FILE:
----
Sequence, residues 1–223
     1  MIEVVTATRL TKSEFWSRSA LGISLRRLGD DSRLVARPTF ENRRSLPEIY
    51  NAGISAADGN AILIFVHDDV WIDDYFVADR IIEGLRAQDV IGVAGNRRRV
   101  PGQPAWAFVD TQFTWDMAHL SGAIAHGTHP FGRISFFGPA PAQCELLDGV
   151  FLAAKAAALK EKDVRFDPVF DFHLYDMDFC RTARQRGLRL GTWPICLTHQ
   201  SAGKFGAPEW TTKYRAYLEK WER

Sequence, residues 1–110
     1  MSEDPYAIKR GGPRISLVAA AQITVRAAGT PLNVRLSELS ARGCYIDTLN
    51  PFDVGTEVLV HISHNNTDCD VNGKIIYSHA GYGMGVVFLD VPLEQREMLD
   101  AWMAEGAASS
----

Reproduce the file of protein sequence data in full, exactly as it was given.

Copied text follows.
Sequence, residues 1–223
     1  MIEVVTATRL TKSEFWSRSA LGISLRRLGD DSRLVARPTF ENRRSLPEIY
    51  NAGISAADGN AILIFVHDDV WIDDYFVADR IIEGLRAQDV IGVAGNRRRV
   101  PGQPAWAFVD TQFTWDMAHL SGAIAHGTHP FGRISFFGPA PAQCELLDGV
   151  FLAAKAAALK EKDVRFDPVF DFHLYDMDFC RTARQRGLRL GTWPICLTHQ
   201  SAGKFGAPEW TTKYRAYLEK WER

Sequence, residues 1–110
     1  MSEDPYAIKR GGPRISLVAA AQITVRAAGT PLNVRLSELS ARGCYIDTLN
    51  PFDVGTEVLV HISHNNTDCD VNGKIIYSHA GYGMGVVFLD VPLEQREMLD
   101  AWMAEGAASS